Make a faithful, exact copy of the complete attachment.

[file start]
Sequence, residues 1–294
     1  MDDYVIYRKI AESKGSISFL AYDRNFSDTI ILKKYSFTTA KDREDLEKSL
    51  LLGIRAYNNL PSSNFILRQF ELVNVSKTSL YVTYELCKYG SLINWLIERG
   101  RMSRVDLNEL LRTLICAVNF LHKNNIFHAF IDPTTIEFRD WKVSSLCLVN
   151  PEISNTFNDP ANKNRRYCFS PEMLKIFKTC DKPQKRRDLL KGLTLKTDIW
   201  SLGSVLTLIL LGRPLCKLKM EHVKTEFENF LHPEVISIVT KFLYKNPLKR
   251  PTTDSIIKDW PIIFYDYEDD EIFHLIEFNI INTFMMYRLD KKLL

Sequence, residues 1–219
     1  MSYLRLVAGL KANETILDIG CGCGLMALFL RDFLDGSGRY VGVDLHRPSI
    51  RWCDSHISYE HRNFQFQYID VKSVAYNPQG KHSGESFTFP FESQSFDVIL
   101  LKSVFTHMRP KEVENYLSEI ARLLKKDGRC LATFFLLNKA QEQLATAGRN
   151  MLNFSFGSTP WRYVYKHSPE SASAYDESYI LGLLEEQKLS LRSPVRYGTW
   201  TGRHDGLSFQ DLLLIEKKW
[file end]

Sequence, residues 1–294
     1  MDDYVIYRKI AESKGSISFL AYDRNFSDTI ILKKYSFTTA KDREDLEKSL
    51  LLGIRAYNNL PSSNFILRQF ELVNVSKTSL YVTYELCKYG SLINWLIERG
   101  RMSRVDLNEL LRTLICAVNF LHKNNIFHAF IDPTTIEFRD WKVSSLCLVN
   151  PEISNTFNDP ANKNRRYCFS PEMLKIFKTC DKPQKRRDLL KGLTLKTDIW
   201  SLGSVLTLIL LGRPLCKLKM EHVKTEFENF LHPEVISIVT KFLYKNPLKR
   251  PTTDSIIKDW PIIFYDYEDD EIFHLIEFNI INTFMMYRLD KKLL

Sequence, residues 1–219
     1  MSYLRLVAGL KANETILDIG CGCGLMALFL RDFLDGSGRY VGVDLHRPSI
    51  RWCDSHISYE HRNFQFQYID VKSVAYNPQG KHSGESFTFP FESQSFDVIL
   101  LKSVFTHMRP KEVENYLSEI ARLLKKDGRC LATFFLLNKA QEQLATAGRN
   151  MLNFSFGSTP WRYVYKHSPE SASAYDESYI LGLLEEQKLS LRSPVRYGTW
   201  TGRHDGLSFQ DLLLIEKKW